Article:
From wardrobing to counterfeit product switching, returns abuse is on the rise. Fortunately, returns analytics can help reduce returns abuse and protect net revenue.
Before the rise of e-commerce, returns were fairly straightforward. Shoppers would purchase a product from a brick-and-mortar store and bring the item back if there was an issue. Yes, there were instances of wardrobing and disputes over policies regarding receipts and return windows. Compared to today, however, that was a walk in the park.
Combine the anonymity of online shopping with omnichannel sales and supply chains, and the opportunities for returns abuse have multiplied exponentially. While there are valid customer claims of non-delivery or product damage, returns abuse is very real.
What complicates matters further is that it’s not just criminal masterminds engaging in this type of abuse. Forbes put it best when it said, “Generally speaking, many people behave within the constraints that are available to them. They push where they’re able to push, and a subset will seek to take advantage, either unethically or illegally.”
So, where does that leave businesses? While stricter return policies may reduce abuse, they could deter new and existing customers. Conversely, accepting the financial loss of this abuse will quickly eat into revenue.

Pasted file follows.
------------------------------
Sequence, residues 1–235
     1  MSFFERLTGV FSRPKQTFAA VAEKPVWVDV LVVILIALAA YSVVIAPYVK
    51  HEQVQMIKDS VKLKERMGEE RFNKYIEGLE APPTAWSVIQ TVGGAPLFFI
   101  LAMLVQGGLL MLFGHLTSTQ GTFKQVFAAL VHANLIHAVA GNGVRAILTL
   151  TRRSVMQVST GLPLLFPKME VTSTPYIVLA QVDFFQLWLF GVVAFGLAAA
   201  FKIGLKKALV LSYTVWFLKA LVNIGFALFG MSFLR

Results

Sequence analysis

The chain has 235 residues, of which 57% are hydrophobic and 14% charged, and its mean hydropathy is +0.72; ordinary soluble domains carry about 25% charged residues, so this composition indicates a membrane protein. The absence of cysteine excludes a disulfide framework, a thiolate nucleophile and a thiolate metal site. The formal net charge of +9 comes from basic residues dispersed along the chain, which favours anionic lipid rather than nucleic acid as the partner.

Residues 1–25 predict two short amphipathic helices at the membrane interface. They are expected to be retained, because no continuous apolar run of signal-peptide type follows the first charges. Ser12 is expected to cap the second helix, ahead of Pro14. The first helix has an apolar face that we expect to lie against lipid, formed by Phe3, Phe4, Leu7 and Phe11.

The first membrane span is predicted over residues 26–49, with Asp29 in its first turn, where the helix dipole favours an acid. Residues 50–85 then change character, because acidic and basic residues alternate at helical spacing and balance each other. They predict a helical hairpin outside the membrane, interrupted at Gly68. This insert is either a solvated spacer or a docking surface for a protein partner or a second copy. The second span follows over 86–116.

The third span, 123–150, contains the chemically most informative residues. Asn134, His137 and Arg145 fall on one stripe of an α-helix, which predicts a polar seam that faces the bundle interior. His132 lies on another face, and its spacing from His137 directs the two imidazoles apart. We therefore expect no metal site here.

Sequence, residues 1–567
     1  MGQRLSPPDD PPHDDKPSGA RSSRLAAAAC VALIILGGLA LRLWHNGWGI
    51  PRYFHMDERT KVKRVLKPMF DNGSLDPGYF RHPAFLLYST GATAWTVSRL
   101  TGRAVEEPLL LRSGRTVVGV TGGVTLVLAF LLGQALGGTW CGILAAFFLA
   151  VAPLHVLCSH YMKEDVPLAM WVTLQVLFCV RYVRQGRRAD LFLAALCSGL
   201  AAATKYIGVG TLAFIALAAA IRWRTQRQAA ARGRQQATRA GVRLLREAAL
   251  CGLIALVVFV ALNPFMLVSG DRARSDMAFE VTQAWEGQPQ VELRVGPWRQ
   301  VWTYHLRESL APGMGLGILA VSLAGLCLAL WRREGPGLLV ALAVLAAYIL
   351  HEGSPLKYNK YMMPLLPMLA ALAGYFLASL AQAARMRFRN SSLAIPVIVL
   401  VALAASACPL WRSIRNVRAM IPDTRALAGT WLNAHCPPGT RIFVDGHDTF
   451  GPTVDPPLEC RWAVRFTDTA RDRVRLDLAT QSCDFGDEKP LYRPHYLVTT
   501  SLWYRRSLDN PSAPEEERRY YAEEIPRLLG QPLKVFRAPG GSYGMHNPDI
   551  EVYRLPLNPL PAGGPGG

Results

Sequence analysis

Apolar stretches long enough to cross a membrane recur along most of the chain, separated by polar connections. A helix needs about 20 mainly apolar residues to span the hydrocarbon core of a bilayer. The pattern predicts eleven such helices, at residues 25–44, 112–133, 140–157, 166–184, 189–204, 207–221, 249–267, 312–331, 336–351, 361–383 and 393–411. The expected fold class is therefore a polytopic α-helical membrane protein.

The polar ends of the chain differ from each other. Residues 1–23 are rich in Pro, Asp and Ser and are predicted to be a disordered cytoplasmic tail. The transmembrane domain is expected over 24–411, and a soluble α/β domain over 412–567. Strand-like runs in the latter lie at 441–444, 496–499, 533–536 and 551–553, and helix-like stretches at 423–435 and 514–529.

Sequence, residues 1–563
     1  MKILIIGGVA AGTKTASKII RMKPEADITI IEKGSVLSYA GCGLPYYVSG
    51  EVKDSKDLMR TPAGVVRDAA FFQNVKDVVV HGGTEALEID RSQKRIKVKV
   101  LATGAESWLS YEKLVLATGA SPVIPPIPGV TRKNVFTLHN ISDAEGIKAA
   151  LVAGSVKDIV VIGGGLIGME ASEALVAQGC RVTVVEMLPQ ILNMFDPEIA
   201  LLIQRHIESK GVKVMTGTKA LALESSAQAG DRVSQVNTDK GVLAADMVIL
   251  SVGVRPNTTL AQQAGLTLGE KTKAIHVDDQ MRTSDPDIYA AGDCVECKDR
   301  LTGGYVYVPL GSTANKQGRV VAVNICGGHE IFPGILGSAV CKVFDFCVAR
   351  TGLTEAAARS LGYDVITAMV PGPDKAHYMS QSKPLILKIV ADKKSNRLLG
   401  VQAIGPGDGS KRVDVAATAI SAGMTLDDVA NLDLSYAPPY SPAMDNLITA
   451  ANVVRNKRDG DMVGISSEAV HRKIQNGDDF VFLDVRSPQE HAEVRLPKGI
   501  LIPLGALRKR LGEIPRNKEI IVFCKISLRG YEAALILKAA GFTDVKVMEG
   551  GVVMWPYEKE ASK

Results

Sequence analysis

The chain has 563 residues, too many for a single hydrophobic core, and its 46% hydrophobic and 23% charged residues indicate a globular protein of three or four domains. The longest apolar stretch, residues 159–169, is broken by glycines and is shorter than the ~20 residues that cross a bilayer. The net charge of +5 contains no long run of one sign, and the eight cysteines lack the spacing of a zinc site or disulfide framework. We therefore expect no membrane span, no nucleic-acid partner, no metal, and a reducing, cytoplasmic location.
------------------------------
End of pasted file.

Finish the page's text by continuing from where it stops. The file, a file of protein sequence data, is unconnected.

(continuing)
The truth is that there’s no one solution that will work for every business. Fortunately, returns analytics can help you identify returns abuse and develop solutions that will minimize these instances while protecting net revenue.
What is Returns Abuse?
In the most general sense, returns abuse (or refund abuse) is when customers take advantage of a return policy to such an extent that it becomes unprofitable. The difficulty with reducing returns abuse is that, while some instances are more malicious than others, not every instance of returns abuse qualifies as fraud.
For example, returns abuse that involves wardrobing can be complicated. Also known as “wear and return,” wardrobing is when customers purchase products with the intention of using them for only a short while. When they return the product, they often misrepresent the product return reasons in order to get a full refund. Retail Touchpoints even says, “The problem has grown so prevalent that companies like ASOS are tracking social media accounts to mitigate wardrobing fraud and ban serial returners.”
Other forms of returns abuse that are more clearly fraudulent include those involving contactless delivery and counterfeit product switching. The former is when customers falsely claim they never received products in order to get a refund. Similarly, counterfeit product switching involves customers fraudulently returning knock-off merchandise. For example, just a few years ago, Apple believed a customer was returning an iPhone. In reality, it was a potato of a similar weight.
While abuse like tag switching is generally more prevalent in brick-and-mortar stores, every business needs to be aware of the different ways returns abuse can occur.
The Financial Impact of Returns Abuse
Recently, CNBC spoke about return fraud, saying, “This type of ‘friendly fraud’ might feel harmless and seem like a small drop in the bucket for powerful corporations. But taken together with more nefarious forms of fraud, it’s costing retailers more than $100 billion per year.”